Experts Concerned Over New Report Showing Kids as Young as Eight Using Social Media


Who among us doesn’t feel a little glad when the kids grab screens and quiet down for a few minutes? I work 50 hours a week (from home) and can’t think straight in the constant din of chaos that swirls around my family.

I am no stranger to Peppa Pig videos for one kiddo and Minecraft for another. 

But now, a new report that dives into screen use by kids has parents feeling judged and worried.


Because it became apparent from the report that more and more kids as young as eight are using sites like Snapchat, Facebook, and Instagram. 

The report comes from the trusted media center, Common Sense Media, which rates media like TV shows, books, websites, and video games, and more based on expert reviews.

Remember when everyone was freaking out over Squid Games?

A quick hop and a click over to Common Sense Media would have told you everything you needed to know about the gore and violence.  

That way, you could easily decide for yourself what you think your kid can (or cannot) handle. 

Sad little child with smartphone indoors. young kids on screens

Common Sense Media is a trusted source for parents and educators.

It can help determine which kinds of media are safe and which ones may need some parental guidance before allowing kids to view them.

So, what is included in this report? Here are some highlights on the data that represents the years 2019 – 2021:

  • Screen use is up by 17% among tweens and teens .
  • Kids between the ages of 8 and 12 spend an average of 5 hours and 33 minutes on screens each day.
  • Kids between the ages of 13 and 18 are on screens an average of 8 hours and 39 minutes per day.
  • 18% of tweens are using social media every day.
  • Kids spend an average of 3 hours and 16 minutes a day watching videos.
  • Kids spend an average of 1 hour and 46 minutes a day playing video games.
  • Kids spend an average of 1 hour and 57 minutes on social media apps.

The use of social media apps, which are not designed for children, has experts very concerned. 

Social media sites are legally not allowed to accept kids younger than 13 on them due to private data collection laws.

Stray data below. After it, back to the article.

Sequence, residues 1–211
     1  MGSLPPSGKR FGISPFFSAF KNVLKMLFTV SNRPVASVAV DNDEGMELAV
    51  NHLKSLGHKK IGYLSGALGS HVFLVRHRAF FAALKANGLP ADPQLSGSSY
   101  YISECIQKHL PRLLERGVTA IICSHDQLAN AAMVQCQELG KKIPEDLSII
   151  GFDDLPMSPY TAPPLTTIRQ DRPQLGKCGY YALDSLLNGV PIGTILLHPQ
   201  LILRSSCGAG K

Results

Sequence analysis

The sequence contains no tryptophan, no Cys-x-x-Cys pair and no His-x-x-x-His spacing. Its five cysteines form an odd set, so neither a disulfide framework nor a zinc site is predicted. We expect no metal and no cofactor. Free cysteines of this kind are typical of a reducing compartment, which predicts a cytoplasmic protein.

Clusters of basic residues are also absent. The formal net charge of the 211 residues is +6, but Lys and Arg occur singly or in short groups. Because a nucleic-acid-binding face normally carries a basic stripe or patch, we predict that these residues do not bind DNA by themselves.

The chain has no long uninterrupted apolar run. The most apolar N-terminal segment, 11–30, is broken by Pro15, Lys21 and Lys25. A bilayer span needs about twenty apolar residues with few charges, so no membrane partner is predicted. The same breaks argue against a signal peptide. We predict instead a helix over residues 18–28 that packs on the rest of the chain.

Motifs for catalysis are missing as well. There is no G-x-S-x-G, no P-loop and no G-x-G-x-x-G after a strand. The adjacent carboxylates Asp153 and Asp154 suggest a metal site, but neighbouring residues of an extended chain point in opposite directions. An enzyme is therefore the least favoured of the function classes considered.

Talking to the New York Times, Dr. Heitner, an expert on kids and media use, pointed out that while it’s one thing to be worried about the content kids are consuming, there is another important issue that is often overlooked.

“You worry if it’s replacing activities, like sleep, family time, reading, chores — other things that are positive for kids,” Dr. Heitner told the New York Times.

“That’s definitely a real concern.”

The report shows that while screen time is up for tweens and teens, it’s not just because of social media.

Instead, kids are watching a ton of TV shows or playing video games.

As a parent, I can’t help but wonder how that is any different from my childhood when the living room TV was constantly on.

I’m sure I spent endless afternoons watching cartoons.

And while I wasn’t likely to accidentally see live war footage (looking at you TikTok) or pornographic images (I see you Instagram), there is something to be said for parental controls that can prevent that from happening at all. 

Many parents are aware of the dangers of the internet and are doing their best. 

One aspect of the debate over kids and screen time that gets lost is that most parents aren’t handing over their iPhones and letting their kids just go wild on the internet.

My kid isn’t on the dark web or looking to get into crypto or join a hacker group.

There are plenty of apps that parents can use to monitor screen time, limit content, and even block and ban websites, apps, and games. 

Sure, some kids do use screens excessively, and that can cause a lot of damage, but it doesn’t mean we should give up on the convenience or even the plus side of having the world at our fingertips. 

Common Sense Media has a fantastic parental resource guide that includes tons of great information on how parents can keep their kids safe online.

They also include specific scenarios like cyberbullying, setting controls on Roblox, Nintendo Switch (or others), and how to install and use safety features on your child cell phone and more.

It’s worth bookmarking. 


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